Stimulator of IFN genes (STING) is a cytoplasmic innate immune sensor for cyclic dinucleotides that also serves a dual role as an adaptor molecule for a number of intracellular DNA receptors. Although STING has important functions in the host defense against pathogens and autoimmune diseases, its physiological role in cancer is unknown. In this study, we show that STING-deficient mice are highly susceptible to colitis-associated colorectal cancer. Colons of STING-deficient mice exhibit significant intestinal damage and overt proliferation during early stages of tumorigenesis. Moreover, STING-deficient mice fail to restrict activation of the NF-kappaB- and STAT3-signaling pathways, which leads to increased levels of the proinflammatory cytokines IL-6 and KC. Therefore, our results identified an unexpected and important role for STING in mediating protection against colorectal tumorigenesis.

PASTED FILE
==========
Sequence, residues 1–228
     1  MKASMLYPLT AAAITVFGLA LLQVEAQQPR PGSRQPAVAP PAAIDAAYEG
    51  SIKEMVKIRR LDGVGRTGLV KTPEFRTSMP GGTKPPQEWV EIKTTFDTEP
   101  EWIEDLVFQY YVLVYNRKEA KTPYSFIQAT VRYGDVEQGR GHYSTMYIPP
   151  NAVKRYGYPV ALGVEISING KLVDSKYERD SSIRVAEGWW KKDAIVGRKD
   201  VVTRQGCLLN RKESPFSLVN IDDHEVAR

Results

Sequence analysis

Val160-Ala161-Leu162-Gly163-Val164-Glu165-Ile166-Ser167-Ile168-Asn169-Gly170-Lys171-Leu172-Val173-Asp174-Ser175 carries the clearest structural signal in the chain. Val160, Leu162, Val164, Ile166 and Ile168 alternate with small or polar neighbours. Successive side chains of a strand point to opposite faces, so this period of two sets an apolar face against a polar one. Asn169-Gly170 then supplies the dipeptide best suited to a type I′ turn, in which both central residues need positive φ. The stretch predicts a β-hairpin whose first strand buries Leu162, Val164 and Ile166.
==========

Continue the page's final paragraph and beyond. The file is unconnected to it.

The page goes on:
Zhu, Q., Man, S. M., Gurung, P., Liu, Z., Vogel, P., Lamkanfi, M., & Kanneganti, T.-D. (2014). Cutting Edge: STING Mediates Protection against Colorectal Tumorigenesis by Governing the Magnitude of Intestinal Inflammation. The Journal of Immunology, 193(10), 4779–4782. https://doi.org/10.4049/jimmunol.1402051